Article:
▷ See section 3.4.2: Potential barriers to learning: Language

    ◆ The additional time required for learning games was cited by many participants as a potential challenge for implementation in their offices. Wherever possible, learning games should be short and concise to minimize operational overhead.

    ▷ See section 3.4.3: Potential barriers to learning: Time investment

    ◆ Skepticism of terms such as “games” and “gaming” among managers was cited by participants as a potential barrier for implementation of learning games in existing training programs.

    ▷ See section 3.4.5: Potential barriers to learning: Buy-in from Management

    Digital games vs tabletop games

    This research included both digital and tabletop learning games. Both were found to have strengths, weaknesses, and trade-offs.

    Digital games are harder to design well, more expensive to produce and revise, but easier to distribute and require less facilitation. Digital games can be easily played repeatedly, on demand and when convenient. They are best for shorter, simpler lessons that benefit from repetition.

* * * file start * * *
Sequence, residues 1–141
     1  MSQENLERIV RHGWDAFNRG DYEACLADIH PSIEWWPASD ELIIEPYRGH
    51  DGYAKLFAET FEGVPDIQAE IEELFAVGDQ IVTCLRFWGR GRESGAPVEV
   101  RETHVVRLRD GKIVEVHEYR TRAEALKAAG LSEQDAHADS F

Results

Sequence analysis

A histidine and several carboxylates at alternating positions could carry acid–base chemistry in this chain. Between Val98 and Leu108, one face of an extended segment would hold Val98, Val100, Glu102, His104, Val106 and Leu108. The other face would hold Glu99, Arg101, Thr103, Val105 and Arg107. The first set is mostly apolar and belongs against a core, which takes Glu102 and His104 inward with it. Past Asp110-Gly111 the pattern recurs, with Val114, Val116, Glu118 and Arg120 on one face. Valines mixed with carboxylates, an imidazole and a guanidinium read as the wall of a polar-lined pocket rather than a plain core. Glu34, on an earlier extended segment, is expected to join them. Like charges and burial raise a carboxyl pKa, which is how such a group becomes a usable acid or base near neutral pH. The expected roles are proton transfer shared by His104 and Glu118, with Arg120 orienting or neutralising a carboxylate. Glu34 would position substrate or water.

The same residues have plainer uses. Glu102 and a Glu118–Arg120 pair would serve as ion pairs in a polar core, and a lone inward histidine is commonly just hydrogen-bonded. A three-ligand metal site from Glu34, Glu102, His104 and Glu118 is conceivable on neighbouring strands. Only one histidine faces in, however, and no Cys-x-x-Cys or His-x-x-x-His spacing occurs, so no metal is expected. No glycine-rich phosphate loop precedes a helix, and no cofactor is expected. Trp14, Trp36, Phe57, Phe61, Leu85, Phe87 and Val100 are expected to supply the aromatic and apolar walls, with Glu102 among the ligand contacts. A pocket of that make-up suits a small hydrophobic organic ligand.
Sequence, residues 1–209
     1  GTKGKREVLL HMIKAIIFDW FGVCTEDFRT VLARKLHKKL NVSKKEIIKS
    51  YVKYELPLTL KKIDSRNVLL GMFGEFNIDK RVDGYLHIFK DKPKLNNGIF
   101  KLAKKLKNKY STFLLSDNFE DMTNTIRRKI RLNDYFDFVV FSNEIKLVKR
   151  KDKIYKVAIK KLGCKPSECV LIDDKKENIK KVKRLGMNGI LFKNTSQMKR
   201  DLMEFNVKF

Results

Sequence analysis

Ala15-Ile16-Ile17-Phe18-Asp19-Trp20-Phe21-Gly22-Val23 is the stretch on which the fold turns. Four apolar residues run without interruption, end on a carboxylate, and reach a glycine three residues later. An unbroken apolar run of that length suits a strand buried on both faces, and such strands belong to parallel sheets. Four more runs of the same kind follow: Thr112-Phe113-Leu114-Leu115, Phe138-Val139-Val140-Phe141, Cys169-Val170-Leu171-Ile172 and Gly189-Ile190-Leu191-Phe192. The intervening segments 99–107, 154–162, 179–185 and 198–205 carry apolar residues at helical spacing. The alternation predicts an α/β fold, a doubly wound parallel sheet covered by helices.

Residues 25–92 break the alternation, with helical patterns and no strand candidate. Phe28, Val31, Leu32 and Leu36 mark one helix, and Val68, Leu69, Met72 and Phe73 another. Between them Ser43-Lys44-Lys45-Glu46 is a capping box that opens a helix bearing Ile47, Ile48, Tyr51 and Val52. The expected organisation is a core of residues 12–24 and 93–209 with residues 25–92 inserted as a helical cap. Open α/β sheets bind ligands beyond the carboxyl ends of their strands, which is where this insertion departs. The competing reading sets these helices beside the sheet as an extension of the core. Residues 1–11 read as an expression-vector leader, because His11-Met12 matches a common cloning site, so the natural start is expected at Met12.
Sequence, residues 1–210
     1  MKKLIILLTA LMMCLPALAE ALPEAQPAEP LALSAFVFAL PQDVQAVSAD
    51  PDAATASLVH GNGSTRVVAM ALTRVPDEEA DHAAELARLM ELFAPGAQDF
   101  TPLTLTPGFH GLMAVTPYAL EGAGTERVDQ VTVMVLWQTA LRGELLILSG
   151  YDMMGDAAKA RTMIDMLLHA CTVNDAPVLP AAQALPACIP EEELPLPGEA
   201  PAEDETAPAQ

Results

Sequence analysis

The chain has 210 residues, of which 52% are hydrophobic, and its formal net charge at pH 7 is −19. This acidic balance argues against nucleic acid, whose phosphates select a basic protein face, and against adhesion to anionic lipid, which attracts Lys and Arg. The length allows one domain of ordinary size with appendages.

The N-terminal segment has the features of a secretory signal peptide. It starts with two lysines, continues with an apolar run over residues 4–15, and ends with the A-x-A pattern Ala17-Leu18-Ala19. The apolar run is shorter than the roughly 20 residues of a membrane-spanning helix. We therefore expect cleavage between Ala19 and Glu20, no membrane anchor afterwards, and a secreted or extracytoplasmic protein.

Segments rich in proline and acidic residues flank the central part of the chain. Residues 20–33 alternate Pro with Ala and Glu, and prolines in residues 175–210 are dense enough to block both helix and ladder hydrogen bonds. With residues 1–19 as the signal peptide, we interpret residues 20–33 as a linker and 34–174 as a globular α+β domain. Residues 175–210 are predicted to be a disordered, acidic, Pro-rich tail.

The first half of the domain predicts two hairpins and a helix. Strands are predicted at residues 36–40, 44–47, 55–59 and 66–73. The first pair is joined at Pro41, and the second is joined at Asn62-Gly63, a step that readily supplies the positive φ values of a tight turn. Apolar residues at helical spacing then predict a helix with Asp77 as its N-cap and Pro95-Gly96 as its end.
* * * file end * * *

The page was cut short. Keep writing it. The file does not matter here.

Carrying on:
Tabletop games are faster to design and revise, and can be corrected “on the fly” by an experienced facilitator. However, they are harder to distribute and facilitate. Tabletop games are better for immersive one-time experiences that focus on social interaction and complex problems.

    ▷ See section 5, “Digital games vs tabletop games” for a detailed comparison.

    Best Practices in Learning Game Design

    In the course of this project, the research team collected several “good practices” for learning game design. These suggestions do not represent a consensus among all learning game designers, nor should this list be considered exhaustive. However, these suggestions were supported by our research.